by Susie Day
Anyone with a loved one in prison carries around the silent, ceaseless terror that the person so loved will die alone, behind bars. Currently, 71-year-old Mutulu Shakur, a Black man imprisoned 36 years, lies in a hospital bed in a federal prison medical facility in Lexington, Kentucky. Ravaged by bone marrow cancer, fed by tubes, having lost 25% of his body weight, Shakur has been given weeks – at best, months – to live. His loved ones – family, friends, hundreds of supporters – are trying any and all legal means to get him out. Time and again, the US government and the courts refuse.
Mutulu Shakur, born Jeral Williams in 1950, grew up in New York City. His mother was blind, and so he learned as a child to navigate, not just run-of-the-mill racism, but also the welfare system’s byzantine bigotry. When he joined the radical Black movements of the 1960s and ‘70s, he became Mutulu Shakur. He also became an activist, a community leader, and holistic healer credited with cofounding the Lincoln Detox People’s Program, which brought game-changing acupuncture treatment for drug addiction to the impoverished South Bronx. In 1988, with his codefendant Marilyn Buck, Shakur was convicted of conspiracy in several armed robberies, one of which resulted in the deaths of three people, and for the 1979 prison escape of the revolutionary, Assata Shakur. As a revolutionary himself, and as the stepfather of the late rapper Tupac Shakur, Mutulu Shakur is both famous and infamous.
But neither Shakur’s notoriety, nor his community work, nor the crimes for which he was convicted should matter now. Mutulu Shakur is dying in prison. He is one of thousands of people – predominantly Black and Brown – who are seriously ill behind bars and asking for release. These are people – regardless of their alleged crimes – whose human right is to lie unshackled in a bed outside prison walls, to say goodbye to those they have loved in this life. Most of them are repeatedly denied compassionate release, or release on any terms.
According to the Marshall Project, working with the New York Times, the Federal Bureau of Prisons (BOP), from 2013 to 2017, approved just 6 percent of the 5,400 applications it received for compassionate release, leaving 266 applicants to die in custody. Applications are often rejected on grounds that prisoners still pose a “risk to public safety” or that the nature of their crime remains too serious to justify release. These rejections, the report continues, “often override the opinions of those closest to the prisoners, like their doctors and wardens.”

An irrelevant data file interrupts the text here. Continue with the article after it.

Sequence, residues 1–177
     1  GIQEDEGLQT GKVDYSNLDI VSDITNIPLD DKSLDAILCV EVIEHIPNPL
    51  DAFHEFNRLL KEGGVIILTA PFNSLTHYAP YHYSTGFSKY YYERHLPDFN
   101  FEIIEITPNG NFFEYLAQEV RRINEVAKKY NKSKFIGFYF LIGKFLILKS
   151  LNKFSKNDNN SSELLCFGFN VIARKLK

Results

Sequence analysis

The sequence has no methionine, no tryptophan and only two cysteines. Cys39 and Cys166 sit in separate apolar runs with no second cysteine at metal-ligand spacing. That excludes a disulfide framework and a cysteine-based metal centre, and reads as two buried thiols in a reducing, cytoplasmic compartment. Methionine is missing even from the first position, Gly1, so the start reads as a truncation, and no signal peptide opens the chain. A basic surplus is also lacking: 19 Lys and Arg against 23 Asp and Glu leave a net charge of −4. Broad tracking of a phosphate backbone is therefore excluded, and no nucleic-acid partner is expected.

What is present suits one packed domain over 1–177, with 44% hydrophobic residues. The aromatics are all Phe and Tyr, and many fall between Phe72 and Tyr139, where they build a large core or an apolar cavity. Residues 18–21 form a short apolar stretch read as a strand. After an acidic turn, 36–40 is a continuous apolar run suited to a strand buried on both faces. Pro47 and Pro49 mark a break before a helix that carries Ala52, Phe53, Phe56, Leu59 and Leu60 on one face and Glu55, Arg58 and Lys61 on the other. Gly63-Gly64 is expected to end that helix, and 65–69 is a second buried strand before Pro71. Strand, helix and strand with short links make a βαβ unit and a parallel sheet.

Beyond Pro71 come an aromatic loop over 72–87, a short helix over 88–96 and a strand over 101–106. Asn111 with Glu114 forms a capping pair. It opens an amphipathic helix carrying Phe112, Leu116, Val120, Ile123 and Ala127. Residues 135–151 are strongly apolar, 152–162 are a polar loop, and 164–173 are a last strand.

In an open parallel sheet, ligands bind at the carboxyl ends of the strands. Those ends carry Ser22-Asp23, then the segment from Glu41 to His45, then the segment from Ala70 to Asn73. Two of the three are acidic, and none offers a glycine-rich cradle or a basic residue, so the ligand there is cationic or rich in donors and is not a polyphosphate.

It’s no coincidence that both current and former staff at Shakur’s prison have spoken out for his release. In fact, the Marshall Project, using statistics to represent thousands of prisoners, describes exactly what is happening to Mutulu Shakur. So, when you read Shakur’s story here, know that, even with his extraordinary history and politics, Shakur is not exceptional. The essence of his fight to get out is true in prisons across the country.
Dr. Barbara Zeller is one of Shakur’s medical advocates. She’s a New York internist with over 50 years of practice who, because of her medical work in the Bronx, has known Shakur since the mid-1970s. She now interprets Shakur’s prison medical records for his family and legal team. According to Zeller, Shakur’s medical care has been fairly competent – except: “his diagnosis came two years after he developed symptoms that could have been followed. Because of that delay, the cancer was far advanced.”
Although Shakur’s multiple myeloma was diagnosed in 2019, Shakur had already begun suffering years before from diseases that often accompany life inside prison: type 2 diabetes, hypertension, glaucoma, hyperlipidemia, and the aftereffects of a stroke in 2013. Since his cancer diagnosis, he has gone through exhausting rounds of chemotherapy, a stem cell transplant, a relapse, more rounds of chemo, pneumonia, and at least two bouts of Covid. By spring of this year, the cancer had spread throughout Shakur’s skeletal system.
“He’s in a lot of pain,” says Zeller, “extremely debilitated and too weak to take more chemotherapy. He’s facing the end of his life. Medical people feel that his staying in prison is elder abuse.”
According to the terms of his sentence, Shakur was actually eligible for “mandatory parole” on February 10, 2016. But the US Parole Commission denied his release. Since 2016, Shakur has survived, not only catastrophically poor health, but also eight more parole denials and three rejections of compassionate release. During his parole hearings, Shakur has taken responsibility for his part in the loss of lives, and voiced deep and unmistakably sincere remorse….